BonoVox is right. It should be lamented and mourned as an "achievment". Death and destruction on a massive scale is no achievment to be celebrated. If the plane is there in a museum, it should mark the profound failure of humanity on the highest level.
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Old 12-16-2003, 08:46 AM   #25
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I have noticed that instead of backing up claims with many facts and figures, some people often just spout what flies into their head. With that said, I think that it is necessary to equate any loss of innocent life. Yes it s awful that hundreds of thousands of innocents had to die, but in the long run it probably saved lives. Like I said in my earlier posts, the estimates for an invasion of the Home Islands would have cost way too many lives both American and Japanese. Just look at the horrendous loss of life on islands like Iwo Jima and Okinawa. The Japanese defended these islands with such ferocity that it is hard to believe that they would not have done the same for Hokkaido, Honshu, or Kyushu. It is nice to sit back and think how wonderful it would be to never have to worry about this but is that very realistic? Put yourself in Truman's place. He was faced with the option of invading Japan. How is he going to say to the American people "I am sorrry so many of you had to lose a loved one. I had another option but I would rather sacrifice your son's lives instead." ? As President, his first priority is to Americans and I believe that he acted correctly with these priorities in mind. The dropping of the bomb simply meant that instead of 500,000 Japanese civilians getting killed over the space of a few months instead of 65,000 at one instant. As horrific a moment as this was, it was certainly the much wiser way to gor for a time. However, I agree with most other posters in here that the achievement, as necessary as it was, was not a "great achievement" per se.
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Old 12-16-2003, 08:54 AM   #26
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Quote:
Originally posted by Dreadsox


I am very confused....the world wars are preferred to the isolated conflicts? Please clarify

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Hey Dread! I think it was me, not you. I replied very quickly. What I'm thinking is that 1. There is a connection between those "isloated conflicts" and the World Wars we fought 2. The former "superpowers" some resposibility for those islolated conflicts, being as how we fueled and funded them 3. Nothing on this planet is every really all that isolated and 4. they, if you add 'em all up, killed propably as many people as the World Wars, but we in the West don't tend to think of that since they weren't in our backyard. I was also questioning what seemed to be Sting's assertion (and I may be misreading him) that since we moved from World Wars to constant, "isloated" conflict, we've found a solution. Doesn't sound like much of a fix to me. I was reacting to the irony....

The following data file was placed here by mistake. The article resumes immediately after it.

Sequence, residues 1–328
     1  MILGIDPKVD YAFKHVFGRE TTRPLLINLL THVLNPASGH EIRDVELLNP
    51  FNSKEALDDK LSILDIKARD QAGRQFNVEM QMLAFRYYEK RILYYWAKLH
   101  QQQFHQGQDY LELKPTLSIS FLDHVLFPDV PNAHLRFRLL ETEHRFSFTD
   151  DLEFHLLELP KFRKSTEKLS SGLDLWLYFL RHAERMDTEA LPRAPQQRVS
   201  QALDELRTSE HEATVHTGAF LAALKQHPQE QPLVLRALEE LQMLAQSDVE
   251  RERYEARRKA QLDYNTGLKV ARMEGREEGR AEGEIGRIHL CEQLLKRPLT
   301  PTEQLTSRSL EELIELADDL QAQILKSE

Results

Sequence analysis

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Old 12-16-2003, 11:05 AM   #27
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Quote:
Originally posted by iacrobat
If the plane is there in a museum, it should mark the profound failure of humanity on the highest level.
The profound failure of humanity was an Emperor who thought he was god and the people who worshiped him.
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Old 12-16-2003, 12:18 PM   #28
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This thread is not about who was right or wrong or if it was necesary or not. The thread is about how this plane should be displayed in this museum.

Regardless of what you believe about this event, it's irresponsible to display the exact plane that dropped the bomb and not explain what happened. It's not revisionist, it's not taking a side on if it was right or wrong, it's just speaking the truth. This is part of history like it or not, but do not ignore it.
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Old 12-16-2003, 01:36 PM   #29
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The display should be in the context of the museum - an Air & Space museum.
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Old 12-16-2003, 02:06 PM   #30
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Firstly, acknowledging that the plane was used to drop a bomb which killed thousands of innocent people is not "self-flagellation." It is a recognition that innocent lives were lost and that is a tragedy. Displaying a sign remembering those killed is not to say that US policy was incorrect, but rather to acknowledge the fact that for better or for worse it led to the deaths of thousands of Japanese people.

Secondly, if you ask me the profound failure of humanity (although I wouldn't describe it in such terms) is that we live in a world in which thousands die every single day from preventable diseases while a minority of the world's population busy themselves with accumulating wealth and resorting to any means to preserve their privileged status in the world.